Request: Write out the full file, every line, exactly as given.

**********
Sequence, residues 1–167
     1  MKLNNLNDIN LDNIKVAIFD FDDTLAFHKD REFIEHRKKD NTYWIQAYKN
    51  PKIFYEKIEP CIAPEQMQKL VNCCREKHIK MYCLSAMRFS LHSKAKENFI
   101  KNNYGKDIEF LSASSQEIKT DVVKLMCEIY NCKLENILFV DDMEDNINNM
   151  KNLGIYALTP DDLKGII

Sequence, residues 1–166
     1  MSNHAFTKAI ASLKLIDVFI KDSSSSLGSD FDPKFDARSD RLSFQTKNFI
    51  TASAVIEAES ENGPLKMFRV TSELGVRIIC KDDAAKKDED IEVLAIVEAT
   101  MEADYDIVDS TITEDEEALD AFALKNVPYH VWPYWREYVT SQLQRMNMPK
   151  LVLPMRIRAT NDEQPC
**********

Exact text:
Sequence, residues 1–167
     1  MKLNNLNDIN LDNIKVAIFD FDDTLAFHKD REFIEHRKKD NTYWIQAYKN
    51  PKIFYEKIEP CIAPEQMQKL VNCCREKHIK MYCLSAMRFS LHSKAKENFI
   101  KNNYGKDIEF LSASSQEIKT DVVKLMCEIY NCKLENILFV DDMEDNINNM
   151  KNLGIYALTP DDLKGII

Sequence, residues 1–166
     1  MSNHAFTKAI ASLKLIDVFI KDSSSSLGSD FDPKFDARSD RLSFQTKNFI
    51  TASAVIEAES ENGPLKMFRV TSELGVRIIC KDDAAKKDED IEVLAIVEAT
   101  MEADYDIVDS TITEDEEALD AFALKNVPYH VWPYWREYVT SQLQRMNMPK
   151  LVLPMRIRAT NDEQPC